Chapter 20: The Three Sisters
Hazel, Olive, and Myrtle Wintergreen have moved to Long Beach from Minneapolis.
They already know about the circle and want to join it (or take it over).
Emma Clare is finally persuaded to come out of her isolation … at precisely
the wrong time. After a visit to the sisters and some major weather changes
in Southern California, the Wintergreen sisters visit Emma Clare’s home
and threaten her and Julia and Brooke.
This chapter begins a three-chapter arc that concludes with the major
The Three Sisters, a play written in 1900 by Anton Chekhov, concerns
the existential questions of modern life. Chekhov’s three sisters live
in a provincial town and want to escape to Moscow, where life is (they
think) more interesting. The Wintergreens prefer Southern California in
the winter to Minnesota in the winter. They can have more fun here.
The Wintergreens seem to be dotty old women. Hazel speaks in malapropisms.
(I once knew someone who talked that way.) In an ironic echo of Celestia
Wolfe in chapter 8, Myrtle flirts with every man in the Towers. This earns
Bertha’s total enmity, which has consequences in chapter 22.
The Wintergreens are named after trees. Hazel is associated with age,
magic, and wisdom. Twigs of hazel are said to guard a house against lightning.
Myrtle is a love herb used to preserve youthfulness and to keep love alive
and exciting. The powers of the olive are healing and protection; a branch
of olive hung on a door is said to guard a house against all evils, including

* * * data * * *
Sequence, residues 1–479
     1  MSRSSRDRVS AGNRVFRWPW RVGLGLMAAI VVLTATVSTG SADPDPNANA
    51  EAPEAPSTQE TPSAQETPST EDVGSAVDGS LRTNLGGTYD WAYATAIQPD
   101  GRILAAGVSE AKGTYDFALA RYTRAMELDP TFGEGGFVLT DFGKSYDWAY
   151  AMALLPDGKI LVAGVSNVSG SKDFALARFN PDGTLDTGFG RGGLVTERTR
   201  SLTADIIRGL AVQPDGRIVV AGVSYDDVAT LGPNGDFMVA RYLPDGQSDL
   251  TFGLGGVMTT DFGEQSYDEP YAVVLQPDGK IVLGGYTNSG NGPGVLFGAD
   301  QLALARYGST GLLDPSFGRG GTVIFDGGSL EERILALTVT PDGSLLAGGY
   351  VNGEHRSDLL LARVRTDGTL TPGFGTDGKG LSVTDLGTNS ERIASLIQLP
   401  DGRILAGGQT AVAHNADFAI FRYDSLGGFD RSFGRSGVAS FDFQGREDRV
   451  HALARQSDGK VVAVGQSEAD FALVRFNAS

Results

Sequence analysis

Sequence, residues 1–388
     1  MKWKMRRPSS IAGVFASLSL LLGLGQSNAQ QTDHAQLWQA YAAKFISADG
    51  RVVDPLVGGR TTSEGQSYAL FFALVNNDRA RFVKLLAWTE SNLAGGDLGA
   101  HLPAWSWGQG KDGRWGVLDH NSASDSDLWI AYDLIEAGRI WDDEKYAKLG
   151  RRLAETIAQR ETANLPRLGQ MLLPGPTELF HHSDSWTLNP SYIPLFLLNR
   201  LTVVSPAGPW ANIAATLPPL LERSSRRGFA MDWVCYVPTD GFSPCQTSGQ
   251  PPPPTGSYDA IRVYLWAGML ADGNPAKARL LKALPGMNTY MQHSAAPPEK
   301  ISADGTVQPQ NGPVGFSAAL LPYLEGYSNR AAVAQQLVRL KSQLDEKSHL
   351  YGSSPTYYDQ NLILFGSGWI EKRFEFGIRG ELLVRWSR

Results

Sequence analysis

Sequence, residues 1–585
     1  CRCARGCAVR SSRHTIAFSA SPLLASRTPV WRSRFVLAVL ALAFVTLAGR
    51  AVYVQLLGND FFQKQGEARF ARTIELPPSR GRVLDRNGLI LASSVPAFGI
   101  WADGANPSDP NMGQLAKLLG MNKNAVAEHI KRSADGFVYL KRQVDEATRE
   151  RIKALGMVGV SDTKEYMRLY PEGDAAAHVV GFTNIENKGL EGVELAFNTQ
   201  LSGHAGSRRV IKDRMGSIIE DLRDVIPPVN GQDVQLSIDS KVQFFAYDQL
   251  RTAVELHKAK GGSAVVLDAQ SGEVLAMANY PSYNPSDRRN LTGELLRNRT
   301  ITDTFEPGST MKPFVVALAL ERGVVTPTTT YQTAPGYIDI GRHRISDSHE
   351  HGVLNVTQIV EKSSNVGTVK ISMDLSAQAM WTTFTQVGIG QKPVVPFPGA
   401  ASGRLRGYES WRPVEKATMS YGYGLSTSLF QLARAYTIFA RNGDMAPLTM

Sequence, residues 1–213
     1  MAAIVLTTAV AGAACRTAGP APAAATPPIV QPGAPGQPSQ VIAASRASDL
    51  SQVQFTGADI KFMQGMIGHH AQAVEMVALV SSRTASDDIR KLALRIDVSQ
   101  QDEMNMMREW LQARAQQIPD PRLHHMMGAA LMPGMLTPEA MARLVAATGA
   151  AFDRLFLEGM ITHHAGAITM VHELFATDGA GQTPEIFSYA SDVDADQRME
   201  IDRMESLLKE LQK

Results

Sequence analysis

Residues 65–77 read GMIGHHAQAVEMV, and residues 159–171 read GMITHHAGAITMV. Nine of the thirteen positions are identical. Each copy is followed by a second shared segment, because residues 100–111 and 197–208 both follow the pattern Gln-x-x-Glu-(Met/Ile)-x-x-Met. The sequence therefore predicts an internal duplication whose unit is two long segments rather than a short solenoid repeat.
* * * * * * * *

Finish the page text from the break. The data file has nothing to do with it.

(again) being struck by lightning.
It is Herta who, observing that the circle seems to “have been outreached,”
proposes the little get-together with the Wintergreens. Members of the
circle who were earlier in favor of “outreach” do not, however, want to
meet the Wintergreens. Why do Herta and Emma Clare pick exactly the wrong
time to change? Why are the other women suddenly cautious?
When Myrtle talks about dead husbands, she is referring to Emma Clare’s
family history and also planting seeds of doubt in Brooke’s mind. The women
don’t yet understand how the Wintergreens know so much about them.
I have a friend who says that if you want to make people crazy in an elevator,
just start humming “It’s a Small World.” The song stays in your head forever.
Sweetums the canary is named after the biggest, ugliest Muppet monster.
The “Dos Amigos” post card is real. I may still have one.
Madame Blavatsky discovers that the Wintergreens’ suite is warded, that
is, magically sealed and protected. Even the powers of a magic cat seem
to have limits. The transparent eyeball comes from Ralph Waldo Emerson’s
Nature (1836), in which he writes, “I am nothing. I see all.”
Emerson (1803-1882) was one of the most famous American 19th-century transcendentalists.
Jacoba’s cancer is growing. Maude and Macha know that Jacoba lost money
in the two stock market crashes of the eighties. Disease and poverty are
problems old people still face.
The Pac-Man analogy was very popular at the time—gobble up those nasty
The description of the effects of heavy rain on the freeways in the L.A.
Basin is accurate, if exaggerated. Weather magic is real.
Gazebo. This is a reference to the
Rose Park gazebo, which was restored in 2009. It’s really pretty.
Here’s a photo of it.
When the Wintergreens invade Emma Clare’s house, Olive uses the same words
that Rosa used in chapter 4.
“Attention must be paid.” This is a famous line from the modern tragedy
Death of a Salesman (1949) by Arthur Miller.
Like Mephistopheles tempting Faust, the Wintergreens know the secret desires
of the crones. Like the famous cinematic Godfather, they have come to make
the circle an offer it can hardly refuse. But our women do refuse, which
leads to the weather war in the next chapter, which leads to the destruction
of the circle.
Why does Herta suddenly decide to accept the Wintergreen sisters? Have
they pulled the wool over her eyes? What’s going on here?
Have you ever tried weather magic? How did it work for you?
What other examples of temptation occur in
Copyright © 2011 by Barbara Ardinger, Ph.D. All rights reserved. Permission
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